(Closed) Poll: Would you leave your significant other if he never proposed

posted 4 years ago in Relationships
Post # 16
Member
4238 posts
Honey bee

jewellight:  

If I’d already determined that marriage was a dealbreaker, yes I would leave. How about you?

 

Post # 17
Member
9454 posts
Buzzing Beekeeper
  • Wedding: July 2016

yes.  I knew from the start that my Fiance believed in marriage, so if he didn’t propose I’d take that to mean that despite whatever he was saying.. actions speak louder and he didn’t actually want to marry me.  I’d leave.

If I was with someone who didn’t believe in marriage then it’d be different.  It’d be on a case by case bsais.

Post # 18
Member
231 posts
Helper bee
  • Wedding: May 2016

I never thought about leaving. It took my Fiance 11 years to propose. we love each other and want to spend the rest of our life’s together married or not.

Post # 19
Member
365 posts
Helper bee
  • Wedding: June 2020 - Black Mountain Lodge at Arapahoe Basin

I would not. To me, our relationship is more important than the title of husband and wife. We share finances, pets, property, vehicles and much more already (including medical power of attorney so we’re able to make medical decisions if necessary – good point PP!) so I wouldn’t walk away from that unless his reasoning for not getting married is something that I couldn’t understand. We are not having children, so that’s not a factor for us.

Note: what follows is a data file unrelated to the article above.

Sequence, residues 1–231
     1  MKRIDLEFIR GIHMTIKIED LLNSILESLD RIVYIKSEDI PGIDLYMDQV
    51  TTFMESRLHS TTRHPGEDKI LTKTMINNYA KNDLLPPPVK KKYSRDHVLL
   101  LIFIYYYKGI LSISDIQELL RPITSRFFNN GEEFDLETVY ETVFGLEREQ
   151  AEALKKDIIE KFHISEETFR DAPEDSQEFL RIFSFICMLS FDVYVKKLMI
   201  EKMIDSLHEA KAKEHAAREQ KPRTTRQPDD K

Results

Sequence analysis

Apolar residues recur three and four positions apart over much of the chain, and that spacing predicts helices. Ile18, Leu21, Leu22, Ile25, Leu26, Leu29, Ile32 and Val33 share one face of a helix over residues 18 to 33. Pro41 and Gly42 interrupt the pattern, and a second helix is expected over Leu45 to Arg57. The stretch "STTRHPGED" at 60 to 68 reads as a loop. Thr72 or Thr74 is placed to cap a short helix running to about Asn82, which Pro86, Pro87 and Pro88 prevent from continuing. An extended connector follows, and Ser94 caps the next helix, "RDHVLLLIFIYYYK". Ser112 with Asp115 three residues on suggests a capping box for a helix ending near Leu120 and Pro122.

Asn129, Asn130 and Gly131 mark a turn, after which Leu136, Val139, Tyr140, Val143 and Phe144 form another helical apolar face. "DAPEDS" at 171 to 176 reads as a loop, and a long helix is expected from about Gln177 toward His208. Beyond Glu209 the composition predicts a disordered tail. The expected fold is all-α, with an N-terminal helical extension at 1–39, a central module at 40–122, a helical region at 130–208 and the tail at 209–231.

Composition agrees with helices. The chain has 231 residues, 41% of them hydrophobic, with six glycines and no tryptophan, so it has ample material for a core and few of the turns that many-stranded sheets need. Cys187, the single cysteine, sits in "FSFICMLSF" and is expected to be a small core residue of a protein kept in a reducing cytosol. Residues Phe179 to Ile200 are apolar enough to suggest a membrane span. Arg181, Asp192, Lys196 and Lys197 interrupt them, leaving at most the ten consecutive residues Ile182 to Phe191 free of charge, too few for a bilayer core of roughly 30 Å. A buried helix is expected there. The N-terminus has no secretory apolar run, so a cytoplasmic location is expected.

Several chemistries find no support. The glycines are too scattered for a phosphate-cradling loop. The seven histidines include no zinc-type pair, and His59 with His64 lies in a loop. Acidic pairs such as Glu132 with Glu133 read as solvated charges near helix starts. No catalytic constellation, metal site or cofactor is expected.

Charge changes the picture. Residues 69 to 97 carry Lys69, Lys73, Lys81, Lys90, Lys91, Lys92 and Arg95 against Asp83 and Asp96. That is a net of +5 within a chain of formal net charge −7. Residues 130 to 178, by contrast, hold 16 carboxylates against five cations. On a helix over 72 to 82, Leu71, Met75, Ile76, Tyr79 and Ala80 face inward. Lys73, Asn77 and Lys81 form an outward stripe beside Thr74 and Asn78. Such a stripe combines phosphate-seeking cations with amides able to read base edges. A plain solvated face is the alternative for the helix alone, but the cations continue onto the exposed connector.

Post # 20
Member
287 posts
Helper bee

Yes, I would. I’m not overly traditional but marriage to me is extremely important- i see it almost as the ultimate echelon to the relationship. I would also not have children out of wedlock. 

My Fiance isn’t massive on when we get married but he always was going to. If he never wanted to marry me or didn’t believe in it, I would move on to find someone who WANTED to marry me.

We have bought our house together, adopted a furbaby and we are getting married next year. Kids are on the table but not for a while! So luckily I never had to worry 🙂 

Post # 21
Member
607 posts
Busy bee
  • Wedding: June 2017

Yes. Marriage and having a family is very important to me. He has to want the same thing for himself as well. I’m not going to give up marriage and having a family just to please him. 

Post # 22
Member
9089 posts
Buzzing Beekeeper
  • Wedding: December 2012

No. Marriage was not a deal breaker for me. 

Post # 23
Member
1740 posts
Bumble bee
  • Wedding: June 2016

Yep, I told my Fiance that I wouldn’t move in unless marriage was in our future.  We’re older (45 and 63) and there is no way I was going to invest the best years of my life (financially stable and kids grown and out of the house) with someone who wasn’t interested in making sure our relationship had all of the legal protections provided by law.  We both have kids from prior relationships and at some point (hopefully later than sooner) one (or both) of us will surely have medical problems; without a legal marriage the kids could come in an make all medical decsisons, inherit all assets, etc. despite our actual wishes.  Also, he is going to retire in a few years and wants to spend a lot of time traveling.  That sounds great to me, but it will signficantly impact my future earnings.  Again, no way would I agree to that without the legal protections of marriage.